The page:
Home Depot’s proposed purchase of a federally insured bank could create potential conflicts of interest, pose risk to the nation’s financial system and discourage competition in financial services, the National Association of Realtors told the Federal Insurance Deposit Corp. today.

NAR President Thomas Stevens and other trade group representatives in a letter to John Carter, San Francisco regional director of the FDIC, reiterated concern over the potential dangers of mixing banking and commerce that would result from the acquisition of EnerBank by Home Depot.

In February, Stevens raised similar objections to Wal-Mart’s application to the FDIC for federal deposit insurance for a Utah-chartered industrial bank.

“NAR and its 1.3 million members are extremely concerned about the inevitable conflicts of interest, the harm to the competitive landscape, and the risks to the U.S. financial system. Banks must be honest brokers of financial services and not be swayed into making credit and other business decisions based on their affiliation with commercial firms or projects,” Stevens said.

NAR last month said it would press for a “permanent ban” on banks entering real estate. The national trade group has been fighting to keep banks out of the real estate brokerage business for several years and has placed the issue high on its list of legislative priorities.

Stevens today said that Home Depot’s proposed business plan is an example of why banking and commerce should not be mixed. “It creates an inherent conflict of interest because the company will have an incentive to channel credit through unsecured home improvement loans to customers of home improvement contractors who are Home Depot customers.”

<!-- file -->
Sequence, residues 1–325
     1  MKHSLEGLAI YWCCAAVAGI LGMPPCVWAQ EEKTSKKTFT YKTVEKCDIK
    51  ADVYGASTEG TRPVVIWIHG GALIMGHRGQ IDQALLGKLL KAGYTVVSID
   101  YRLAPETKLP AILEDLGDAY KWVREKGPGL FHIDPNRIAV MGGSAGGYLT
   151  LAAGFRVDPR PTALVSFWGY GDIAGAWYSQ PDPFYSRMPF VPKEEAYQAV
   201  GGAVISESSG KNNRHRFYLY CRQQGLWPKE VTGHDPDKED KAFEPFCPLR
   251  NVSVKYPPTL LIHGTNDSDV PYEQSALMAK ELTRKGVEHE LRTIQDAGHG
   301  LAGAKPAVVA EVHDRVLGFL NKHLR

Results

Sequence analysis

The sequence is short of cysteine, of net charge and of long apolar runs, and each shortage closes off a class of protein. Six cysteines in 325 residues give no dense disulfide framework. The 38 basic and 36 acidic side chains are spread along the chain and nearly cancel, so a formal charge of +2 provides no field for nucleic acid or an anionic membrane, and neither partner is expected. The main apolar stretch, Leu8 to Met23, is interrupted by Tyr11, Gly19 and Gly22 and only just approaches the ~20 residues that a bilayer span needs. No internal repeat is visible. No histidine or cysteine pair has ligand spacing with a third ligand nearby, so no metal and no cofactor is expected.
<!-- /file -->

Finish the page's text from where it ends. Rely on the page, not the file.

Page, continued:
NAR and its 54 state and territorial associations asked the FDIC to disapprove the proposed acquisition. If the FDIC cannot disapprove the request immediately, NAR asked the agency to hold a public hearing on the application for FDIC coverage, as it did for Wal-Mart’s application.

NAR will continue to encourage Congress to examine the ILC loophole that permits commercial firms to own this type of bank, said Stevens.

NAR has also asked acting FDIC Chairman Martin Gruenberg to oppose a proposed rule by the Federal Reserve Board and the Department of the Treasury that would permit financial holding companies and financial subsidiaries of national banks to engage in real estate management and brokerage, and recent opinions of the Office of the Comptroller of the Currency that go beyond statutory authority and permit banks to own and develop real estate.

After a meeting with NAR officials in February, the U.S. Comptroller of the Currency said he has no intention of expanding the agency’s “limited authority” to breach the separation of banking and commerce.

John C. Dugan, Comptroller of the Currency, made the statement following a meeting with NAR representatives to discuss three recent interpretive letters from the Office of the Comptroller of the Currency.

The three December OCC rulings allowed three of the largest national banks in the nation to invest in the development of office buildings, hotels, residential condominiums and a windmill farm.


Send tips or a Letter to the Editor to jessica@inman.com or call (510) 658-9252, ext. 133.

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